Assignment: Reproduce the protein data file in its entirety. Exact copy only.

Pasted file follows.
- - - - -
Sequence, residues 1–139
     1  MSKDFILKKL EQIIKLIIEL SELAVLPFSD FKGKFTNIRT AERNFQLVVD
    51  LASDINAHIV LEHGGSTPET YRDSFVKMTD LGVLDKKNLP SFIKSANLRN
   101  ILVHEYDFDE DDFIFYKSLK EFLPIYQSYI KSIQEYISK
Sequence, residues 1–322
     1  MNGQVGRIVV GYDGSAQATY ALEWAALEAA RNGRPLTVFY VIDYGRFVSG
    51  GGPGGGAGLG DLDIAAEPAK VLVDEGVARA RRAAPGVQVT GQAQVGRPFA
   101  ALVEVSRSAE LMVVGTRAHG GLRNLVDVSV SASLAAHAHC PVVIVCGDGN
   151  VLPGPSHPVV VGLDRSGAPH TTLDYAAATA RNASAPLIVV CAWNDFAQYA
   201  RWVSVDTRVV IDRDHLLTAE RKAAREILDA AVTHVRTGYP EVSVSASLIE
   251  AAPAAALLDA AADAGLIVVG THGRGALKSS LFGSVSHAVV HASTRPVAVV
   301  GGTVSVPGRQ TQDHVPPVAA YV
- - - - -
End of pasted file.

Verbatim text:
Sequence, residues 1–139
     1  MSKDFILKKL EQIIKLIIEL SELAVLPFSD FKGKFTNIRT AERNFQLVVD
    51  LASDINAHIV LEHGGSTPET YRDSFVKMTD LGVLDKKNLP SFIKSANLRN
   101  ILVHEYDFDE DDFIFYKSLK EFLPIYQSYI KSIQEYISK
Sequence, residues 1–322
     1  MNGQVGRIVV GYDGSAQATY ALEWAALEAA RNGRPLTVFY VIDYGRFVSG
    51  GGPGGGAGLG DLDIAAEPAK VLVDEGVARA RRAAPGVQVT GQAQVGRPFA
   101  ALVEVSRSAE LMVVGTRAHG GLRNLVDVSV SASLAAHAHC PVVIVCGDGN
   151  VLPGPSHPVV VGLDRSGAPH TTLDYAAATA RNASAPLIVV CAWNDFAQYA
   201  RWVSVDTRVV IDRDHLLTAE RKAAREILDA AVTHVRTGYP EVSVSASLIE
   251  AAPAAALLDA AADAGLIVVG THGRGALKSS LFGSVSHAVV HASTRPVAVV
   301  GGTVSVPGRQ TQDHVPPVAA YV